I understand the Olympic committee’s logic behind the rule, which is that the Olympic Games must remain on athletes’ performances, sport and the international unity and harmony that the Olympic Movement seeks to advance. However, they failed to understand that athlete activism does aid in international unity. The power of sport – fueled by athlete activism – is far too large to be suppressed, especially on this platform.

How will the next few years look like in terms of political activism in sports, in the United States and beyond? Are we heading towards a global sports movement in which political activism is normalised?

The next few years will look promising as long as athlete activism continues to fuel change both on-the-field, in front offices and outside of sport. If that is achieved, I do foresee a global sports movement in which activism is normalised. Hopefully meaningful change will be achieved so that athlete activism can move onto the next social issues.

According to you, who has been the world’s most effective athlete activist? And why?

Several names come to mind as dozens of athletes have risked it all to create meaningful change. Among the most notable, in my opinion, is Colin Kaepernick. He brought racial issues to the forefront of the largest sport platform of the NFL. Colin knelt and fought for something far bigger than himself in 2016 – even costing him his job. With all the adversity he has faced and continues to endure since his protest, 2020 revealed to the world that Colin was right the entire time. There are also many NBA and WNBA players who have been leaders. I would single out LeBron James and Maya Moore.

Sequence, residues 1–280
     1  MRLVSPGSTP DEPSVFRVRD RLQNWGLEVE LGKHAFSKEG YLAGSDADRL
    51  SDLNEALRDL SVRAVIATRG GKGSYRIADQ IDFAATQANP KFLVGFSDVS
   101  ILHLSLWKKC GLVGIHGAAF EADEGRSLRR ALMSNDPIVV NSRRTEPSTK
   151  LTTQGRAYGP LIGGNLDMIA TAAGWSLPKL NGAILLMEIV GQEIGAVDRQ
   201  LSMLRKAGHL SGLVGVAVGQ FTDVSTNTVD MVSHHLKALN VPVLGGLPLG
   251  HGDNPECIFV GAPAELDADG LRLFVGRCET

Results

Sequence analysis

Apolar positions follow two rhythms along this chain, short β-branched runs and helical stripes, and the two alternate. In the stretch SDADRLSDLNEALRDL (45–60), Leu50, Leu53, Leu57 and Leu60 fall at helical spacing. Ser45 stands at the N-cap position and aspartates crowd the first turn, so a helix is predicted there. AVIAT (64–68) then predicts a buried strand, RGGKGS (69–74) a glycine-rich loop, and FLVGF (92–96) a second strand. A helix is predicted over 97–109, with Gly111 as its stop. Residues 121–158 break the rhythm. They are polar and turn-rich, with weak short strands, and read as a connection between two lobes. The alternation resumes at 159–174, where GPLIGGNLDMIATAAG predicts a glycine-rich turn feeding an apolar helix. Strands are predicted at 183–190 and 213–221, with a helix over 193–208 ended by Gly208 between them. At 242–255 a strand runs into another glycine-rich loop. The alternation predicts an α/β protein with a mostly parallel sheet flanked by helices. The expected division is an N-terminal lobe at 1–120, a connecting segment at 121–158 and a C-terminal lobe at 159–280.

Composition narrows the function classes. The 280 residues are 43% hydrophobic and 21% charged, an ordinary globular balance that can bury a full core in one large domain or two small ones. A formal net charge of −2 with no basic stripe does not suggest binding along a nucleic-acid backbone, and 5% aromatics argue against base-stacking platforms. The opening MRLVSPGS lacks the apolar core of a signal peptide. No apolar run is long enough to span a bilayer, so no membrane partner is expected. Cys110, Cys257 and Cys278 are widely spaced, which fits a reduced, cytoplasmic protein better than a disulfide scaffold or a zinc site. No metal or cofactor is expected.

Special thanks to AJ Forbes, Graduate Assistant of TIDES and Dr.Lapchick, for his help.

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This article belongs to the GeoSport platform, developed by IRIS and EM Lyon.